We’ll Always Have Paris
American Tourists in France Since 1930
by Harvey Levenstein
DC34.5 .A44 L49 2004
New Arrivals, 2nd floor
As I busily rush around trying to tie up some loose ends before heading to New York tomorrow [HA, Barb!], I obviously have travel on the brain. Therefore, it should be no surprise with the title that I have chosen for this week’s New Stuff Tuesday. France is on the list of places to return again – just have to renew the passport.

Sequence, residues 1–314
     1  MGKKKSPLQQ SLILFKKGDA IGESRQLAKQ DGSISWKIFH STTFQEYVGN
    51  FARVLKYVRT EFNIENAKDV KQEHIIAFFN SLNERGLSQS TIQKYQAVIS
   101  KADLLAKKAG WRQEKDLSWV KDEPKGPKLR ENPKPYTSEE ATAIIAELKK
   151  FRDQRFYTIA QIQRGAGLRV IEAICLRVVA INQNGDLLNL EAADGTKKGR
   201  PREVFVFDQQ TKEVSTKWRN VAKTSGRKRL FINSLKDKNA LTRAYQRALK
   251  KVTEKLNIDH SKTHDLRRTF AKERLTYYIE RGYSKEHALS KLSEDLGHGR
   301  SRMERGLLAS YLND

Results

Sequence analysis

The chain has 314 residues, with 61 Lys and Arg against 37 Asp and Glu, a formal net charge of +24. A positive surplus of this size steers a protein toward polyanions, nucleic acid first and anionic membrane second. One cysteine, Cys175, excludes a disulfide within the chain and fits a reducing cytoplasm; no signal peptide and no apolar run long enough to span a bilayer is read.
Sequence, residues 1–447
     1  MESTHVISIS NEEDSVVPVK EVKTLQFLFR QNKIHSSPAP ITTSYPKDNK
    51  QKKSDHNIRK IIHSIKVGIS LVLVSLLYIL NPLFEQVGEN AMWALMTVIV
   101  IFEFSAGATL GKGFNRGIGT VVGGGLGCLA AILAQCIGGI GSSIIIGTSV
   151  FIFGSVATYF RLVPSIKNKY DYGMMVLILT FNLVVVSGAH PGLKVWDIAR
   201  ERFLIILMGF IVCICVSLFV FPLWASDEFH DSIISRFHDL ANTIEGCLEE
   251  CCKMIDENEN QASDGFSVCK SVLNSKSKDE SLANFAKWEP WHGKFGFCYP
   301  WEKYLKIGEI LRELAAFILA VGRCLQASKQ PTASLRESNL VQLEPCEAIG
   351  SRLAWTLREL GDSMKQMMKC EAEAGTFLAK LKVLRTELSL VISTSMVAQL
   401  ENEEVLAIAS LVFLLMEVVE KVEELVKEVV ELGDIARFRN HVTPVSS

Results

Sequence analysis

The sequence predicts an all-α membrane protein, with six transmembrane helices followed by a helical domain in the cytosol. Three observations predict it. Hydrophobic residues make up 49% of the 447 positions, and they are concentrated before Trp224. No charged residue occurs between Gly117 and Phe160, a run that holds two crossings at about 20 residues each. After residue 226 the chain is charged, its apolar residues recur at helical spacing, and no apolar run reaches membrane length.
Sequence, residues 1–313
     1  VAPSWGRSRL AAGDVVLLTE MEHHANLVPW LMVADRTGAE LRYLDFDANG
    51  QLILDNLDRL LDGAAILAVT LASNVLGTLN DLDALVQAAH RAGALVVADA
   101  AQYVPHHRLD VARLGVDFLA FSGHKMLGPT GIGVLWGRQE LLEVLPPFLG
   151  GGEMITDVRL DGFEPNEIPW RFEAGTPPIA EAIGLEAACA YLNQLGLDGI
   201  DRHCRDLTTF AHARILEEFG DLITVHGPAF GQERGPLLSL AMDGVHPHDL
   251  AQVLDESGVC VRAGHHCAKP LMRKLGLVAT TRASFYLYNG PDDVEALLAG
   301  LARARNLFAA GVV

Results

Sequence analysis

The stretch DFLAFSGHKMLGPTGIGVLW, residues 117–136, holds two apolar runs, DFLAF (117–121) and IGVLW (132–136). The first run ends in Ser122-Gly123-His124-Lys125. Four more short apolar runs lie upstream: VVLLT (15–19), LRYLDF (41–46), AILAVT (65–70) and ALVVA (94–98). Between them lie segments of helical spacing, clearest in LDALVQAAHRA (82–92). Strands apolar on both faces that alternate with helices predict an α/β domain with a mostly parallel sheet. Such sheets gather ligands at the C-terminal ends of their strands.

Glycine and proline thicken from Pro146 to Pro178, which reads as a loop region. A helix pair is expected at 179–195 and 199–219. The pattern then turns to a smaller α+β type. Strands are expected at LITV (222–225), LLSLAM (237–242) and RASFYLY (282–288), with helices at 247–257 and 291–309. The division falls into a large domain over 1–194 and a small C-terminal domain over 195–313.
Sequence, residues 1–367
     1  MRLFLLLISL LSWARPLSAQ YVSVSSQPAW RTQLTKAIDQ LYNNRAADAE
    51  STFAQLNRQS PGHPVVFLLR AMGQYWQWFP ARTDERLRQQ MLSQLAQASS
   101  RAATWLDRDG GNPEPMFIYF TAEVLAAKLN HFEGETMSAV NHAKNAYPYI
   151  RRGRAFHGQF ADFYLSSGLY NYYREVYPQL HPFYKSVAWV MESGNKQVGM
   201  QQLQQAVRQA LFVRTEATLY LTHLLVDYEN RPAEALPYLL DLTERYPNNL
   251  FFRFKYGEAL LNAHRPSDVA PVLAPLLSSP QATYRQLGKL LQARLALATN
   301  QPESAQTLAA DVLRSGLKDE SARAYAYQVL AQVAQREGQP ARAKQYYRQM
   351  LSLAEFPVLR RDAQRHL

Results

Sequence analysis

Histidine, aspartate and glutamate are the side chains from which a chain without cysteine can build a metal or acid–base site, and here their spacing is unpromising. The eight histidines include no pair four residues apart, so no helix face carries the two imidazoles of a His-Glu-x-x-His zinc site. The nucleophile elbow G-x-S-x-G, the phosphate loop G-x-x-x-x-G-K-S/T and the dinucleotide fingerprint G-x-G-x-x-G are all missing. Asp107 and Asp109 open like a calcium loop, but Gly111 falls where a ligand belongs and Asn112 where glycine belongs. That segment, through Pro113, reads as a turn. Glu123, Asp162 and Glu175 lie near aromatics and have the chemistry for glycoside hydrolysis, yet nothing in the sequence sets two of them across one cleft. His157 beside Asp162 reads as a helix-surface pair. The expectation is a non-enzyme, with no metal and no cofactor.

Levenstein, history professor at McMaster University in Ontario [Canada], takes a look at our country’s travel patterns overseas to the land of cheese, wine, and fashion over the last seventy-five years. He details the development of the love-hate relationship between the French and their American visitors, from World War I and the subsequent world events that tainted the water, so to speak. The author contends that France’s more liberal stance on social issues contributed to both the disdain and attraction for the United States tourists. As a scholarly work, Levenstein does a fantastic job of utilizing a variety of both primary and secondary research and sharing those sources with the reader – perfect for starting your own investigation on the topic.